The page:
Court allows lawyer's inspection of car involved in teen's slaying BALTIMORE CITY

April 07, 1993|By Jay Apperson | Jay Apperson,Staff Writer

Preparing for possible legal action against Baltimore City, the mother of a teen-ager shot dead last month by a city police officer obtained a court order yesterday allowing her lawyer to inspect the stolen car in which the boy was killed.

Baltimore Circuit Judge Joseph McCurdy ordered city officials to make the car available for inspection by Valeria Johnson and her lawyer for 72 hours. Court records identify Ms. Johnson as the mother of Antoine Johnson, the 15-year-old who was killed March 23 in the 3300 block of Park Circle by Officer Nicholas Pelekakis, a 13-year veteran assigned to the Western District.

Thomas C. Cardaro said he conducted a "preliminary inspection" of the 1992 Toyota Cressida yesterday at the city impoundment lot on Pulaski Highway. He said his "expert witnesses," whom he would not describe further, will take another, closer look at the car.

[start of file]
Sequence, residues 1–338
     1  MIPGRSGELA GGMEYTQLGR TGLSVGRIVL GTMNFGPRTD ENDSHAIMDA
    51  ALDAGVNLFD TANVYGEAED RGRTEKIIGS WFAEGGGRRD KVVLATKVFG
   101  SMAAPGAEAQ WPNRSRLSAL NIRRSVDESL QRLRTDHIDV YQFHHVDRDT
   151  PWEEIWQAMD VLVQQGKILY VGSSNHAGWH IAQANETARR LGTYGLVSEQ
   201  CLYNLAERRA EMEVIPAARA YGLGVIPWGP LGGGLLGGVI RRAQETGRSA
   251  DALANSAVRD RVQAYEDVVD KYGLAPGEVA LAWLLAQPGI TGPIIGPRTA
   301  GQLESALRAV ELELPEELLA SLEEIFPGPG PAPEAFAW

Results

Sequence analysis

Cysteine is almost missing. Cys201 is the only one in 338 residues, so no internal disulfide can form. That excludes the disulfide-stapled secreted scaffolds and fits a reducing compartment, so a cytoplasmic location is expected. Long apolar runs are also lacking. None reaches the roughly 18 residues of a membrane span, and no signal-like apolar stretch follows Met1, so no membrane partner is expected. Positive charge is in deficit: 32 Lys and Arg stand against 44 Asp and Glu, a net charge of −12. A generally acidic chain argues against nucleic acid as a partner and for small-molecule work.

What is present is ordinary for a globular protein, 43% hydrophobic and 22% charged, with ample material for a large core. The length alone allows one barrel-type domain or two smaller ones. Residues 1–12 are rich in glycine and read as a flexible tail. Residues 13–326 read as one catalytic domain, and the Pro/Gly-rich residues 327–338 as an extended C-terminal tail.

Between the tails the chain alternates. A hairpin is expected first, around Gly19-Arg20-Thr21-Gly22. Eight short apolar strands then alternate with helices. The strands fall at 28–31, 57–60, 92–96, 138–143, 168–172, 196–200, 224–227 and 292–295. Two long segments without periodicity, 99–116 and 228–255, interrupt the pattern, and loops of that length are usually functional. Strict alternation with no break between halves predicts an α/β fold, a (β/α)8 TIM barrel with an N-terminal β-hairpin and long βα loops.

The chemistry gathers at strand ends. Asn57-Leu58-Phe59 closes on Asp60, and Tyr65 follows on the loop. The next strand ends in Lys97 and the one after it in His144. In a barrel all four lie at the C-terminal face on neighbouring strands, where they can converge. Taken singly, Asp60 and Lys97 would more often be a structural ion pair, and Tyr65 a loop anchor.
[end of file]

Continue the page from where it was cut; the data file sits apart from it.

Mr. Cardaro said he is looking into whether a civil suit against the city is merited, adding: "The bottom line is, my job, on behalf of the mother, is finding out why her son was shot and killed."

A city grand jury decided last week not to indict the 37-year-old officer, who said he shot the boy because he feared for his life. The boy was shot after the officer spotted a stolen car with three youths inside. The officer said that while he was arresting two boys, the third, who was the young Johnson, threw the car into reverse and tried to run him down.

Some witnesses claimed that the Johnson boy was out of the car when he was shot by the officer. But investigators said the witnesses' accounts were false because the bullet passed through the driver's seat and struck the boy in the back. The vehicle then crashed into the officer's patrol car, police said.

In papers filed on Ms. Johnson's behalf yesterday in city Circuit Court, Mr. Cardaro demanded to be allowed to inspect the car, which has been in police custody since the start of the grand jury investigation, for bullet holes and blood and mud stains that would likely be lost if the car is returned to its owner, the Brooklyn Park dealership from which it was reported stolen.

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